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38 Commerce Development


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349 replies to this topic

#21 Gorath

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Posted 06 November 2007 - 06:46 PM

A 12.7 million dollar parking ramp with 360 spaces would cost $35,277 per parking space.

 

#22 GRDadof3

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Posted 06 November 2007 - 07:11 PM

Some more info from the Parking Commissions packet:

) Parking ramp shall be designed and constructed, to accommodate a future
proposed elevated walkway to the east of the parking ramp. Such
accommodation is at the expense of Sandbox 45, LLC


) 38 Commerce also anticipates that the Liner Buildings within this project will be
developed according to LEED standards.


) City agrees to provide the Developer or its assignees at market rate up to 72
parking passes in the Parking Ramp at designated spaces adjacent to the liner
building entrances, and allocated approximately evenly among the ramp
levels
) City agrees to provide at market rate, Corl-Knott Building up to 18 parking
passes

From the proposed contract language:

20. It is recognized that the Developer’s commitment to construct the Liner Buildings
is dependent upon (a) the Developer’s securing a Michigan business tax credit from the
Michigan Economic Growth Authority (the “MEGA”) pursuant to the Brownfield
Redevelopment Act, Act 381 of the Public Acts of Michigan of 1986, as amended, in the amount
not less than $1,200,000 (the “MBT Tax Credit”) and (b) an agreement with the DDA to
reimburse the Developer up to $516,000 of eligible expenses from tax increment revenues
realized from the Liner Buildings pursuant to the DDA’s Development Support Policy...


There's also a number of letters attached in support of the development, including Visser Brothers, who owns 25 S. Division (former Cybernet), who feel that they could successfully lease their building if they had more nearby parking.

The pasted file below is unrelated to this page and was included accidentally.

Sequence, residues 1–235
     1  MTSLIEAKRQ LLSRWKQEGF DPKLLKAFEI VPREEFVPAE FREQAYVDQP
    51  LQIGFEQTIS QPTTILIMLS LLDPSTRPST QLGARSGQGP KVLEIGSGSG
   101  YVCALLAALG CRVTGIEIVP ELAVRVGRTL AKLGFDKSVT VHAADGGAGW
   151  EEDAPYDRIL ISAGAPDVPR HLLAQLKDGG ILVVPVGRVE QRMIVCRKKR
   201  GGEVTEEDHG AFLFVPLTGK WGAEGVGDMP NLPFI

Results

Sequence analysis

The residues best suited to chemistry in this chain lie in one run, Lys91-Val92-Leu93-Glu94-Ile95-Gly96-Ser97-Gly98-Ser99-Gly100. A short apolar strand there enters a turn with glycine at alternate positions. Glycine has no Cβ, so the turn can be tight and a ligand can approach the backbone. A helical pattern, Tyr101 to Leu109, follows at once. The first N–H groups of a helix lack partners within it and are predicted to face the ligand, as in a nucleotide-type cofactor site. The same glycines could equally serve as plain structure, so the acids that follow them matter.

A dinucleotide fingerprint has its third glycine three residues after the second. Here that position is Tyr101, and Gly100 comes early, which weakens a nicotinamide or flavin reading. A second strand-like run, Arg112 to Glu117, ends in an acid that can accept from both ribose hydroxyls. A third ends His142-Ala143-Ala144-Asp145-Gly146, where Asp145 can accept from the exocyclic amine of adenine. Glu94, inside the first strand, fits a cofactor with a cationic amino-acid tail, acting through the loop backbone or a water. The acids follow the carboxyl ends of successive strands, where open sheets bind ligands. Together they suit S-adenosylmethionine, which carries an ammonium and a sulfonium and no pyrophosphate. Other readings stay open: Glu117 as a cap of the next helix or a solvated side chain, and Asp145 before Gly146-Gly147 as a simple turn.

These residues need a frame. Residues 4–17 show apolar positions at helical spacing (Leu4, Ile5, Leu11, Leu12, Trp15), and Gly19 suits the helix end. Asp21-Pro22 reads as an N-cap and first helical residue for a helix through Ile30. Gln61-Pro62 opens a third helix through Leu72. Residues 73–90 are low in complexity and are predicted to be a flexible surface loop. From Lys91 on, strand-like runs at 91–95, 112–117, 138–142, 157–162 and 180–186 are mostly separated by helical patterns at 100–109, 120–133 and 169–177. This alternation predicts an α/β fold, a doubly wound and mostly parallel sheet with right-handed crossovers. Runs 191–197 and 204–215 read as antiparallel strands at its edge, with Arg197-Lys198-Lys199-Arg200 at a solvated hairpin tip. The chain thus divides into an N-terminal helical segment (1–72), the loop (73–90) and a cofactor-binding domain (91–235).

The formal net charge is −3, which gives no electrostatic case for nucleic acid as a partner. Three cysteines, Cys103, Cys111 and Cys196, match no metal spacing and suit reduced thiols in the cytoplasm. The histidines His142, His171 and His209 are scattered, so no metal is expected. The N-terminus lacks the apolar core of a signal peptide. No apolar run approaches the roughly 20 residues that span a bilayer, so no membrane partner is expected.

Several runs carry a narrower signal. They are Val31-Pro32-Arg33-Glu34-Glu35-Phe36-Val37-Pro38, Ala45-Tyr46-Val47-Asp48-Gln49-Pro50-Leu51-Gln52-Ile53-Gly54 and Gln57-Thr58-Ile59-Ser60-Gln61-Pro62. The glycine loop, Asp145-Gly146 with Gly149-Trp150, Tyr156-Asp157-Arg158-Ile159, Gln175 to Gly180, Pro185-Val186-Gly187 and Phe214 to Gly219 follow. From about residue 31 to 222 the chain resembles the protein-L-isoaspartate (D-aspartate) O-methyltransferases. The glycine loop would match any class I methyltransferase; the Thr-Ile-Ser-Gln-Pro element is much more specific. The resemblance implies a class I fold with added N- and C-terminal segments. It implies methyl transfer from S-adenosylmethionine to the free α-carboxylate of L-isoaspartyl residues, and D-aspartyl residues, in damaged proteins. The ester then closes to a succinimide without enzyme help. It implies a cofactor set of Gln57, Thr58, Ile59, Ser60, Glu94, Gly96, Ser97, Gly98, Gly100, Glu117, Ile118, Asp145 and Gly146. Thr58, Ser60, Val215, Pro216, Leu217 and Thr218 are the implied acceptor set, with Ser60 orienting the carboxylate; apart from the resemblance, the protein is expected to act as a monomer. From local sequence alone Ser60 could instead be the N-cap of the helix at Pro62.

And yes Gorath, that's about the same cost as the Commerce/Cherry ramp. I'm flabbergasted that ramp space downtown is getting so expensive.

To me, I think this proposal is an EXCELLENT way to solve the parking issues in Heartside, and to make that parking ramp much more "urbane" and pedestrian-friendly as we all have cried for time and time again. I hope they pull this off and the model is used for other future parking ramps. If it works, it may even garner some national exposure.

#23 snoogit

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Posted 06 November 2007 - 08:40 PM

This would be one of the best things to happen to Commerce Ave. yet! I don't even have anything to cry poopy pants about! The building looks nice and should compliment the ramp at cherry and commerce well. I'm more geeked about the fact that yes the Cherry/Commerce ramp will be public accessible, and not just for Cooley students (yes!) Now all commerce needs is a fresh coat of pavement. (Oh I just had to mention that one really.)

#24 GR_Urbanist

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Posted 06 November 2007 - 09:42 PM

Posted Image

Now we're talking!

This is going to seriously energize that whole street.

Edited by GR_Urbanist, 06 November 2007 - 09:43 PM.


#25 GRDadof3

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Posted 07 November 2007 - 08:43 AM

I'm surprised more people haven't weighed in on this. What does everyone think of the design?

I'm pretty optimistic that the city will approve this deal. They're covered if the developer defaults, and the parking ramp breaks even midway through year 3 based on their conservative pro-forma, and then starts making a pretty good profit after that.